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15 January 2015

It’s not unusual for a developer to quit updating software after a certain amount of time. After all, developers have a limited amount of resources, and as older software declines in use, it doesn’t make financial sense to keep patching code with a declining share of the market.

But you wouldn’t think a developer would quit patching older code when it’s on the vast majority of devices in use, right? In the case of Google and Android, you’d be wrong.

Todd Beardsley, writing at the Security Street forum hosted by the Rapid7 security analytics firm, says Google has declared it will no longer supply patches for the Web viewer found on versions of Android older than 4.4, also known as Kit Kat. If you’re on Android 4.3 Jelly Bean or earlier, you’re out of luck – and thus vulnerable to malware that targets vulnerabilities in WebView. (In version 4.4 or later, Chromium is the included and default Web viewer.)

Now, if the vast majority of Android users were packing devices that had Kit Kat or later, this wouldn’t be a big deal. But take a look at this chartfrom the official Android Developers site.

Screen Shot 2015-01-13 at 7.53.12 AM

Kit Kat is found on 39 percent of Android devices that accessed Google’s Play store for new or updated software. Note that Android 5.0 Lollipop, the latest release of Google’s mobile operating system, isn’t included. That’s because it’s currently on less than 1 percent of all devices.

So, nearly 60 percent of Android smartphones and tablets are running browsers that will no longer be patched for these security vulnerabilities by Google.

When Beardsley reached out to confirm this, Google said while it wasn’t going to be offering fixes, third parties are welcome to do so. And he was told that other components of older Android versions will get patches:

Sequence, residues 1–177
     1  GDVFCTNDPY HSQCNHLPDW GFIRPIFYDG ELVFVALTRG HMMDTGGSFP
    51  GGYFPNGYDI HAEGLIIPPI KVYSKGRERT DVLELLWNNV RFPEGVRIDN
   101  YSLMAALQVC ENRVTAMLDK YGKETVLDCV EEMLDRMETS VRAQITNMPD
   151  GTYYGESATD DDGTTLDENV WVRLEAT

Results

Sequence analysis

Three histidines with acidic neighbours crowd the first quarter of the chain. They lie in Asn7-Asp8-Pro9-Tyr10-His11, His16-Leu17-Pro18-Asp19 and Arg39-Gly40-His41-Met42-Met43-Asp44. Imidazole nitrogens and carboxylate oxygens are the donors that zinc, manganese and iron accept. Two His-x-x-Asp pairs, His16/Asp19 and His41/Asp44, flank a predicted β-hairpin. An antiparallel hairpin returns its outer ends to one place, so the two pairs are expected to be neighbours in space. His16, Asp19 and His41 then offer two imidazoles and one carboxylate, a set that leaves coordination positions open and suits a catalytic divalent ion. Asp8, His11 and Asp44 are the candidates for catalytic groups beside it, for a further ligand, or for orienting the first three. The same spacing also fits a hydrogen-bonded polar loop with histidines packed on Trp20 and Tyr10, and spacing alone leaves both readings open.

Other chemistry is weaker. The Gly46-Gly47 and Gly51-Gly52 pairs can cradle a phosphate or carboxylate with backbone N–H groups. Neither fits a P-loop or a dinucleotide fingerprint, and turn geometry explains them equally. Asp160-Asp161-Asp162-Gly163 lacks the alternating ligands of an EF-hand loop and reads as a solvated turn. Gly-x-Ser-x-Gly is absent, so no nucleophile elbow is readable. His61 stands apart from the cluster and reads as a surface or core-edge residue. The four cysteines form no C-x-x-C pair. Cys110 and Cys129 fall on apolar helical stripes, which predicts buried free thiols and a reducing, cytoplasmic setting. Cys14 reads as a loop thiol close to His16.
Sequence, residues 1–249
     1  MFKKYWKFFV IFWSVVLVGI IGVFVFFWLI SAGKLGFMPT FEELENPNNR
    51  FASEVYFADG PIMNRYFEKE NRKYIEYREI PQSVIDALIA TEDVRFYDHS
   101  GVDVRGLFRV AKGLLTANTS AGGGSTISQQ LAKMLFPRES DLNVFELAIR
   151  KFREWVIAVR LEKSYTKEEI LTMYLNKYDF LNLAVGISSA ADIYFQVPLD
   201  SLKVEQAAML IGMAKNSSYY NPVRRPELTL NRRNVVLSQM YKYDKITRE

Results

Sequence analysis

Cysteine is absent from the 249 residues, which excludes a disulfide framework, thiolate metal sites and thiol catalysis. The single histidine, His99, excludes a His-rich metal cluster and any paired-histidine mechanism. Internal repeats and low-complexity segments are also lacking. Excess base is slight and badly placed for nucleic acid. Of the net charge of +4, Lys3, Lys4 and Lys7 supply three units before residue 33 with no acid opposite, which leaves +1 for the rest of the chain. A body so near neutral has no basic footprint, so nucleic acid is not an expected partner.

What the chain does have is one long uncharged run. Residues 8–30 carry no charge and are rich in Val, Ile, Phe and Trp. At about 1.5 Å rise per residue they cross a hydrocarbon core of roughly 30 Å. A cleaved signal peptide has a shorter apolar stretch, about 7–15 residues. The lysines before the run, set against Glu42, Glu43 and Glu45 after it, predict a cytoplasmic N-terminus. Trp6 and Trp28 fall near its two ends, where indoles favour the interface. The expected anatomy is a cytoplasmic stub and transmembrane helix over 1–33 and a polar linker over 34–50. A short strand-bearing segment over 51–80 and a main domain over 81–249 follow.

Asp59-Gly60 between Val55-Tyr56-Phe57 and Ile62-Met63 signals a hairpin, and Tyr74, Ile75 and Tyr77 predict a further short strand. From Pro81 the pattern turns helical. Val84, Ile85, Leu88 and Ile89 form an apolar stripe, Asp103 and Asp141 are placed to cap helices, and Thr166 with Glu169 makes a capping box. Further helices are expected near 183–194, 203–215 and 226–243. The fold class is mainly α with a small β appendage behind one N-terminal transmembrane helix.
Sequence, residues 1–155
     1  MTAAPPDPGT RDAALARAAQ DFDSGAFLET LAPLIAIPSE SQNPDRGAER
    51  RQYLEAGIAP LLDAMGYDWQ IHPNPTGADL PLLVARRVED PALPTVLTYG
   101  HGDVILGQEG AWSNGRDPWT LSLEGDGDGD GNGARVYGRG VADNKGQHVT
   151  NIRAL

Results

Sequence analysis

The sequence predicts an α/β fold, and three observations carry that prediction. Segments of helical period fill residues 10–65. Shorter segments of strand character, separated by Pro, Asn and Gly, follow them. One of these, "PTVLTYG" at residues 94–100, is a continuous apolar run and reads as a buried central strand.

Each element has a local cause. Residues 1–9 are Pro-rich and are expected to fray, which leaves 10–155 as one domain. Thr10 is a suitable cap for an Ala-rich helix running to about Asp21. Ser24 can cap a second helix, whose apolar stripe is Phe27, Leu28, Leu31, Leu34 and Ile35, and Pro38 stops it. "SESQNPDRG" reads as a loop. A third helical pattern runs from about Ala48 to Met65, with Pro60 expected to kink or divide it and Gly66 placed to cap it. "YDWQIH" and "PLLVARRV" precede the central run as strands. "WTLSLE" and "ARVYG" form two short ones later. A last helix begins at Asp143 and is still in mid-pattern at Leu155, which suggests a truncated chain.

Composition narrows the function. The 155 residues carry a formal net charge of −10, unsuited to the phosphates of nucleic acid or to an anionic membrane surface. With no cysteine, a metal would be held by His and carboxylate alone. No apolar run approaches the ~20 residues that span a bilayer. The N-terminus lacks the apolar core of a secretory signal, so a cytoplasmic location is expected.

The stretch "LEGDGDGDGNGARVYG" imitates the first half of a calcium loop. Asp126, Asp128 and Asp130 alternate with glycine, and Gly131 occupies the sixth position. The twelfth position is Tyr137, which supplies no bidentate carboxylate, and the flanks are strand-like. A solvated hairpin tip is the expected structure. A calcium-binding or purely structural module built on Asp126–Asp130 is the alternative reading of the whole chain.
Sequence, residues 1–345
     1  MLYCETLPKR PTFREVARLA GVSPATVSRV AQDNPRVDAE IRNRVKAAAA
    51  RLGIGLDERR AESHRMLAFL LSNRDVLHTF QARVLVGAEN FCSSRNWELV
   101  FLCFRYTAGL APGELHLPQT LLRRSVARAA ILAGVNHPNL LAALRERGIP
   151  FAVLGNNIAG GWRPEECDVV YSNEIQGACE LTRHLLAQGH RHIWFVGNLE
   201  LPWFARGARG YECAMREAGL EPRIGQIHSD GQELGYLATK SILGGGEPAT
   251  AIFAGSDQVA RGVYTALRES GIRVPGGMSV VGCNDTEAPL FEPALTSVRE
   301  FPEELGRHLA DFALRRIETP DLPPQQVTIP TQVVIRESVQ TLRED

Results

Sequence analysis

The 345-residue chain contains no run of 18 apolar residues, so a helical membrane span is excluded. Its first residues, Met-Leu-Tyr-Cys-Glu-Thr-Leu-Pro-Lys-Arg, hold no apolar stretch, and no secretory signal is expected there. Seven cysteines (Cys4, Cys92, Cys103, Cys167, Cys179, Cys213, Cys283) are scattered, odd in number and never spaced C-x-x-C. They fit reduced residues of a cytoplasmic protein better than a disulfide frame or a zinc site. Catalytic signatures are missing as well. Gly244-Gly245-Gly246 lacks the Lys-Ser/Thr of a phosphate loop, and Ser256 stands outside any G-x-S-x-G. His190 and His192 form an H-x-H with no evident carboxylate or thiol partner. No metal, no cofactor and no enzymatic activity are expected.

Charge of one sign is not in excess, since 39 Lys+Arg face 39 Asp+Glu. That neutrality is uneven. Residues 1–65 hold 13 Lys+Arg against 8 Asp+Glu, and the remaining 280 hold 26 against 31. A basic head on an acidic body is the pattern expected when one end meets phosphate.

However, after receiving a report of a new vulnerability in pre-4.4 WebView, the incident handlers at [email protected] responded with this:

If the affected version [of WebView] is before 4.4, we generally do not develop the patches ourselves, but welcome patches with the report for consideration. Other than notifying OEMs, we will not be able to take action on any report that is affecting versions before 4.4 that are not accompanied with a patch.

So, Google is no longer going to be providing patches for 4.3. This is some eyebrow-raising news.

I’ve never seen a vulnerability response program that was gated on the reporter providing his own patch, yet that seems to be Google’s position. This change in security policy seemed so bizarre, in fact, that I couldn’t believe that it was actually official Google policy. So, I followed up and asked for confirmation on what was told to the vulnerability reporter. In response, I got a nearly identical statement from[email protected]:

If the affected version [of WebView] is before 4.4, we generally do not develop the patches ourselves but do notify partners of the issue[…] If patches are provided with the report or put into AOSP we are happy to provide them to partners as well.

When asked for further clarification, the Android security team did confirm that other pre-KitKat components, such as the multi-media players, will continue to receive back-ported patches.

One solution – short of buying brand-new hardware with the latest Android OS – is to upgrade your device to a newer version of Android. But given the way that OS updates work on the vast majority of Android devices, that’s not so easy.

On smartphones, carriers and hardware makers must issue updates after coordination and testing. In many cases, that never happens – Android owners are stuck with the versions that came with their phones, or must be technically savvy enough to install an unofficial update themselves.

And since 97 percent of mobile malware is on Android, this is troubling news indeed.

Source – http://blog.seattlepi.com/techblog/2015/01/13/got-a-phone-with-android-4-3-or-earlier-no-webview-security-patches-for-you/

 

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